Binge Drinking May Put Young People at Risk for Heart Disease

News Release


[Writer] This is research news from UIC, the University of Illinois at Chicago.

Today, Shane Phillips, associate professor of kinesiology and nutrition, talks about his recent study showing that college students who binge drink have the same type of impaired heart circulation seen in individuals with heart disease, putting these young people at risk for heart attack and stroke.

Here’s Professor Phillips speaking about the study published in the American Journal of Cardiology.

[Shane Phillips] We found that in the large blood vessels, that their brachial artery flow-mediated dilator were reduced, as well as their responses to nitroglycerin compared to individuals who weren’t drinking, who were abstaining from alcohol.

Q. What do those responses mean?

[SP] The brachial artery FMD response, which is measured with a standard ultrasound technique, is thought to be prognostic of early cardiovascular disease if there is an impairment. Even though these individuals are young and healthy and don’t have any other overt cardiovascular signs of disease, these data would suggest that maybe they are on the road to developing that.

Q. What did you find out about how the smaller blood vessels work?

[SP] It was interesting, in the small blood vessels we found that they had fairly typical vasodilator responses to endothelial-dependent stimuli — acetylcholine is what we used — but that the mechanisms tended to be different than what we found in the abstainers. So that there didn’t seem to be a nitric oxide dependence to those responses. And this is similar to what we find in some of our diseased populations in the small blood vessels that have more overt cardiovascular disease — that maybe there is a compensatory mechanism that has developed.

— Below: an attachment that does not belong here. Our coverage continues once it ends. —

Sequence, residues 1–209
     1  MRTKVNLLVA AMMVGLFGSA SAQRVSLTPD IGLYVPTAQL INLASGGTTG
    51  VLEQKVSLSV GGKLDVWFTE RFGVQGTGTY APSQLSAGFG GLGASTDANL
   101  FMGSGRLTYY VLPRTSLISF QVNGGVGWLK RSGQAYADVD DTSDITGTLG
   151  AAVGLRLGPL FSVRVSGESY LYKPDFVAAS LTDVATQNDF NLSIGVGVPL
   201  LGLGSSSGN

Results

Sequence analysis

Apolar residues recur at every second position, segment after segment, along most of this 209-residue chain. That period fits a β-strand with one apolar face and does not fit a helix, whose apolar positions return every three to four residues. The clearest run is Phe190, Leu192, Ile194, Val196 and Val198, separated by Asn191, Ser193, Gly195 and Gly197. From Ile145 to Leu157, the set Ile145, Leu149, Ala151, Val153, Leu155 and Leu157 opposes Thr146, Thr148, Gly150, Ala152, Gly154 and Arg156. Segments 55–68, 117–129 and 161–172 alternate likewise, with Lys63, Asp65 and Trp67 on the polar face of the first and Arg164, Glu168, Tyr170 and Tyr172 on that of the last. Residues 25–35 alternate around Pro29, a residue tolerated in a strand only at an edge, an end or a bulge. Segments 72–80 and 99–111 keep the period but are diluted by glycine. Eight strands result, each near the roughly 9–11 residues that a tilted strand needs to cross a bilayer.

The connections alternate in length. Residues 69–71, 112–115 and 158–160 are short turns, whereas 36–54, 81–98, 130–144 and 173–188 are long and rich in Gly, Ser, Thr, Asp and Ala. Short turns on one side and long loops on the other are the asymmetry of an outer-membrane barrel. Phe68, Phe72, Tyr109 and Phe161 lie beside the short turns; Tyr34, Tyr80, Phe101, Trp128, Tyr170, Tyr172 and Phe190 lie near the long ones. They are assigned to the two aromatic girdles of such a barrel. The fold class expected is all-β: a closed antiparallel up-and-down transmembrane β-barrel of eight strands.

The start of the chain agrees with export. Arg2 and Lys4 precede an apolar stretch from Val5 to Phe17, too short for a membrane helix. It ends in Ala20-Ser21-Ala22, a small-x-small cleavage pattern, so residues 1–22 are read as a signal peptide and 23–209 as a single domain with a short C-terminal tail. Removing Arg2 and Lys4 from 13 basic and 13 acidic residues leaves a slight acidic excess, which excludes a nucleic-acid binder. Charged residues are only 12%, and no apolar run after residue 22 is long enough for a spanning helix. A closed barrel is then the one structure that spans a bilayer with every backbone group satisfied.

Q. The operation of the small blood vessels also looks like a diseased population?

[SP] Right. Yeah, it looks like there’s something different going on than what is normal, when you compare that to the abstainers.

Q. What are the long-term risks associated with these signs?

[SP] Well, we don’t know exactly in binge-drinkers what the long-term risks are when we have endothelial dysfunction and other impaired vasodilatory patterns, but it tends to suggest that these individuals who don’t have overt cardiovascular disease are at risk over the long term, being at a higher risk for developing cardiovascular disease.

Q. Based on your study, what would you advise people about binge drinking, and why?

[SP] It’s hard to come up with a specific recommendation based on these data and these studies, but our recruitment criteria for binge drinking was five or more drinks over a two-hour period in men and four more drinks over a two-hour period in women. So that suggests that this pattern over a long term might increase cardiovascular risk in someone that doesn’t have a cardiovascular disease. We don’t know exactly how that might compare to more moderate patterns of drinking. But that’s something that we are interested in looking at comparing.

Q. The subjects of these studies — they did not have other cardiovascular disease?

[SP] That’s right. Their blood pressure was normal. Their cholesterol levels were normal. And they didn’t have diabetes or other risk factors.

[Writer] Shane Phillips is an associate professor in kinesiology and nutrition at the UIC College of Applied Health sciences.

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This has been research news from UIC, the University of Illinois at Chicago.

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